The list of Members of Congress who signed on to this letter were seemingly equally balanced between Republicans and Democrats. At the same time, though, the move to enshrine the regulation that the FCC is considering changing is being led by Republicans in the House and Senate:
Political momentum to keep a ban on cellphone calls during flights gained momentum Monday as lawmakers said it would be crazy to allow them.
Rep. Bill Shuster (R-Pa.) became the second lawmaker after Sen. Lamar Alexander (R-Tenn.) to offer legislation to keep the ban in place.
“Let’s face it, airplane cabins are by nature noisy, crowded, and confined,” said Shuster, the chairman of the House Transportation and Infrastructure Committee. “For those few hours in the air with 150 other people, it’s just common sense that we all keep our personal lives to ourselves and stay off the phone.”
The bills follow a flood of complaints to the Federal Communications Commission, which announced last month that it would look into ending the ban.
For years, the use of many electronic devices on flights has been banned for fear they could interfere with navigation systems. But the FAA earlier this year loosened rules and said passengers would be allowed to send texts and emails from their phones during flights.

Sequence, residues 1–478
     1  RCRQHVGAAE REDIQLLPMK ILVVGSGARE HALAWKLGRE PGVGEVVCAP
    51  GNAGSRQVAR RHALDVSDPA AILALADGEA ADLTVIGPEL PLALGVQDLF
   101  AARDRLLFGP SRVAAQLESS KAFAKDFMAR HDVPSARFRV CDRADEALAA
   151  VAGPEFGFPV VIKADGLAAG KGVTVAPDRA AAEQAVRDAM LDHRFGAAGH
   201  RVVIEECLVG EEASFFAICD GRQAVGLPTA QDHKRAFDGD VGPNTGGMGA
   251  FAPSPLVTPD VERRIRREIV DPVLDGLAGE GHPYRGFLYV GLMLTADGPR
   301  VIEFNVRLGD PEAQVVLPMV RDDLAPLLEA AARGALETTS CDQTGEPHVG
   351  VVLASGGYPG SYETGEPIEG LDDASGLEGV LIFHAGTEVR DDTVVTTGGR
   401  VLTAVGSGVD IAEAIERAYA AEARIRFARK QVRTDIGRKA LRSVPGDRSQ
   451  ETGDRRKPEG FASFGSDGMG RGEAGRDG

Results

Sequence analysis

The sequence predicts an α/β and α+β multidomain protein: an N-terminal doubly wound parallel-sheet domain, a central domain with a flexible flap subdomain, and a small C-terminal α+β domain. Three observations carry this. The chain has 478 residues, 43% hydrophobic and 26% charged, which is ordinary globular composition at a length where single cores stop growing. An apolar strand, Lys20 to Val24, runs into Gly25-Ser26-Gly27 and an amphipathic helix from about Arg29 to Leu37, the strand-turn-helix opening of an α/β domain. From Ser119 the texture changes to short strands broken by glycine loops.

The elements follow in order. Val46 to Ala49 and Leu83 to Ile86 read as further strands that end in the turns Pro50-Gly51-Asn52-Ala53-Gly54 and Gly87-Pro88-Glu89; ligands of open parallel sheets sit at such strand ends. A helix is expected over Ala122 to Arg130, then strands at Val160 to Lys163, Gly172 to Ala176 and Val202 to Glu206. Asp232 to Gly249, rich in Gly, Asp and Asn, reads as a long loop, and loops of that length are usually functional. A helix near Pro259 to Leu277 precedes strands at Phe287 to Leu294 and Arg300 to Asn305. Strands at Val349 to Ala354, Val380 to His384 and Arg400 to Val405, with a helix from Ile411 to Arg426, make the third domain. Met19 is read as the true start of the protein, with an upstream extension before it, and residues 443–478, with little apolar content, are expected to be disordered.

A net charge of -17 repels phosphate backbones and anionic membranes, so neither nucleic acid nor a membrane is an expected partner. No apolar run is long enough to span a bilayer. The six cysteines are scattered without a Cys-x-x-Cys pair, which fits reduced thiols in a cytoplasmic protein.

Now the FCC is looking into whether the ban on the use of cellphones is needed for safety reasons.
Lawmakers in favor of keeping the ban say they’re not worried about the safety of passengers. They’re worried about their sanity.
“For passengers, being able to use their phones and tablets to get online or send text messages is a useful in-flight option,” Shuster said. “But if passengers are going to be forced to listen to the gossip in the aisle seat, it’s going to make for a very long flight.”
Shuster and Alexander, who both face primary challenges in 2014, say they are responding to popular opinion.
“Imagine two million passengers, hurtling through space, trapped in 17-inch-wide seats, yapping their innermost thoughts,” Alexander said last week in a statement. “The Transportation Security Administration would have to hire three times as many air marshals to deal with the fistfights.”